Jazz runs a whole gamut, you know. There is Latin jazz, funk, soul, straight ahead, avant-garde—we have all these terminologies which people use to identify what they’re talking about. But the term “jazz” can fit a whole lot of different categories. We get into debates about whether some music is pure jazz, or if it’s just watered down music. But if there is some improvisation in it whatsoever—no matter how simple—then it’s still a form of jazz. Some artists’ music is not as adventurous as it would normally be, and so they call that commercial jazz. So you can sell 10- million records and still be considered jazz. But then Miles and Coltrane each captured a huge audience, and they didn’t need to compromise their music because it was so strong and so powerful. But, you know, when you put your music out there, you’re subject to criticism. We all know that. But the artist has to make a choice about the music he is going to play, and then he has to live with it.
RM: One of the decisions you have made is to blend a lot of different elements into your music. How do you go about merging an outside element into your own concept?
JDJ: Let’s say I’m pursuing a reggae piece. I research the reggae totally, because I know there are people who are going to check to see if I’ve done my homework. Even if I’m going to take the reggae feel outside of its normal context, I still want to pay respect to that feel, and show that I respect that type of music. It’s like the Sketches of Spain album that Miles and Gil Evans did. They extended the colors but still paid tribute to the tradition of the music. As long as you take care to keep some kind of connection with that underlying tradition, you can communicate the extension of it. That’s what we’re doing: extending previous musics that have gone on before us. We’re extending them and recycling them; giving them a new suit of clothes to make them come out differently. You can attract peoples’ attention to a particular direction by drawing on other things. But you have to have a clear idea of how you can communicate in different directions so that the public will still know where you’re coming from.
So based on those kinds of things, you try to research and do something that will grab at the public’s tastes. You have to know what’s out, and what’s doing well and what’s not. For instance, when the first Special Edition album was made, that was a period of time when there was a lot of nostalgia going on. “Zoot Suit” had that sort of ’30s and ’40s big band feeling, and right away, people began to notice it. Even though the music was an extension of that feeling, it gave people a point of reference they could relate to right away, and it turned out that that album drew a lot of attention. It made Special Edition a more sought-after group than the other groups I’ve had. So I’m just trying to keep my finger on the musical, sociological and political pulse of the world. You’ve got to be part of the world. You have to deal with it, one way or another, and I try to deal with it.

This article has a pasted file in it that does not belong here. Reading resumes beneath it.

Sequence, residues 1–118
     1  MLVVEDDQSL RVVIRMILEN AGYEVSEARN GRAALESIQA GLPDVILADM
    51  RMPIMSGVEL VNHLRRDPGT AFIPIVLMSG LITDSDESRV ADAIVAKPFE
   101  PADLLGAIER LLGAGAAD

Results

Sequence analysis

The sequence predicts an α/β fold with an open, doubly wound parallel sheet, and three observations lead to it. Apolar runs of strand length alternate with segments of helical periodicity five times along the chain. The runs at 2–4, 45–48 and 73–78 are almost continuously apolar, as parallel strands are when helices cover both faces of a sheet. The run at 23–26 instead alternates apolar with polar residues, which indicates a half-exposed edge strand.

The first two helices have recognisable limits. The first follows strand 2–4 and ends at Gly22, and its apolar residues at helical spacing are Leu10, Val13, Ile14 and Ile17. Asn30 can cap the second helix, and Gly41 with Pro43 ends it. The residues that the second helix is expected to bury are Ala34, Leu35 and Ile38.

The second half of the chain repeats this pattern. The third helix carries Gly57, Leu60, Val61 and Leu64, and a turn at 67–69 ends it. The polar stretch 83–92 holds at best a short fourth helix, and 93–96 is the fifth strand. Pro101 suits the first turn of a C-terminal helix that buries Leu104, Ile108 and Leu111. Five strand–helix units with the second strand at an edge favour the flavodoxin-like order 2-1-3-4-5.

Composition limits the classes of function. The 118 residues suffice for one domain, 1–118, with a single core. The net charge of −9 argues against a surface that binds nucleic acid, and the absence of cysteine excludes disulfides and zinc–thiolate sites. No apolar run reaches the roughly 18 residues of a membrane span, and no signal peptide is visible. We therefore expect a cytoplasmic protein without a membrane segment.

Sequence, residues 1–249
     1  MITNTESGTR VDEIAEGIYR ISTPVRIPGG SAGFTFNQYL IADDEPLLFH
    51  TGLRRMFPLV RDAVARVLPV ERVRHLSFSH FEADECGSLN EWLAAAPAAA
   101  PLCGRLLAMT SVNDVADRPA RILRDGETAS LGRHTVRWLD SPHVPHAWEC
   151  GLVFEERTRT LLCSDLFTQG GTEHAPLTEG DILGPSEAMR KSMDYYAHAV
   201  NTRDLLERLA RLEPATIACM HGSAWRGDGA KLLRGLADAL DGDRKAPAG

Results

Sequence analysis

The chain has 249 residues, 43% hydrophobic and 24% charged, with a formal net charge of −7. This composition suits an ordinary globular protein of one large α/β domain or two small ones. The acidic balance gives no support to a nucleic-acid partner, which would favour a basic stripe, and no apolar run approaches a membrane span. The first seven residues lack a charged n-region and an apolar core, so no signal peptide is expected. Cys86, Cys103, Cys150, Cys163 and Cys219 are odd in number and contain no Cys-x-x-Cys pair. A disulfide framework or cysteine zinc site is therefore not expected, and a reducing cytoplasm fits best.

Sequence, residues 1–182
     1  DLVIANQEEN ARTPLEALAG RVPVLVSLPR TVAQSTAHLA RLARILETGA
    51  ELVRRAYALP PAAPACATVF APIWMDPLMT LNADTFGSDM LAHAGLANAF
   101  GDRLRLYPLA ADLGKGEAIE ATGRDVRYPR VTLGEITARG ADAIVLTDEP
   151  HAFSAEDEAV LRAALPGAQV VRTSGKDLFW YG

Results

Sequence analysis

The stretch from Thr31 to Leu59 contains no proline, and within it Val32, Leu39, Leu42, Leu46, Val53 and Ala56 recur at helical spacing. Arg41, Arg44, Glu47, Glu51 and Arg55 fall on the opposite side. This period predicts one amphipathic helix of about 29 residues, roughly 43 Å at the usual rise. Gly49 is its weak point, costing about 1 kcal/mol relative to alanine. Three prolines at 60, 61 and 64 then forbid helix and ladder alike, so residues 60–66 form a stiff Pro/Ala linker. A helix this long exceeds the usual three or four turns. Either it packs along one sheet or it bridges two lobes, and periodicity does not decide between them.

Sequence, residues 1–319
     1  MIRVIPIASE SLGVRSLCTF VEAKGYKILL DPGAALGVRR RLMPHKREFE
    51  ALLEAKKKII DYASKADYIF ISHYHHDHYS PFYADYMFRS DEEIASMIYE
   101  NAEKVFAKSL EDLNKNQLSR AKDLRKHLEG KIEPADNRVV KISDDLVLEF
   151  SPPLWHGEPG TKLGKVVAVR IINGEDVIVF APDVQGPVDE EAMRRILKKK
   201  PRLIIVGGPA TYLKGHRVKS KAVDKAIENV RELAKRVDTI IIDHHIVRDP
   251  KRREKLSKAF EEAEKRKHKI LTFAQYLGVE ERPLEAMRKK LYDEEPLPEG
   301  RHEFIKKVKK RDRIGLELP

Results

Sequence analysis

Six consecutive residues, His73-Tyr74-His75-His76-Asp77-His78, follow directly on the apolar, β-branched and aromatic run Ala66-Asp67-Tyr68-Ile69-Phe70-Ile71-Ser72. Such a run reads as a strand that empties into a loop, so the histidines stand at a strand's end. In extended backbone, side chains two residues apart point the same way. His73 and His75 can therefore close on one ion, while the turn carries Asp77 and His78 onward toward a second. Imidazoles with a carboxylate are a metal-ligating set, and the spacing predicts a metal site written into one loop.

RM: To go back to your analogy of giving the music a new suit of clothes, I can still tell that it’s you wearing the clothes. But with some people, it’s more like they are wearing a costume, complete with mask, and you can’t tell who or what is under it. How do you respect a style without losing yourself in it?
JDJ: That’s a hard thing to talk about because it’s an intuitive process. You have to know how far to go with it. The two things you have to be aware of are knowing what the composition is saying, and knowing what direction you want the improvisation to go. Basically, you’re talking about feeling. You have to trust your intuitiveness, because that’s one of the things that made people like Miles or Ahmad Jamal as great as they are. They knew how far to take it out, and then when to put the brakes on. People are given that gift, and they have developed it. In that spirit, I’ve tried to get a balance. Sometimes it’s better to be a little imbalanced to get the concept across of what you’re trying to do. To get your ideas out, you sometimes have to go out beyond the limits. Other times, you might have to do the opposite. It’s a highly individual approach.
RM: Doesn’t it also have a lot to do with having a strong sense of identity? If you know who you are, then you know how to use influences and make them part of you.
JDJ: You have to have some sense of where you are in relationship to the world, and how you fit into it. Writers, painters, musicians—anybody in the creative field has to have that to give that personal stamp to whatever they do. It’s also that sense of knowing when you’re on to something; that automatic radar that tells you,’ ‘This is it .” That’s the magic that happens in all creative people. Some have it in higher doses than others, but there’s that thing that tells you that you’re on the right track. Of course, you get feedback from other people, and you use it as a gauge. Some people don’t need that, but I’m sure other people wouldn’t bother playing if they didn’t have that feedback.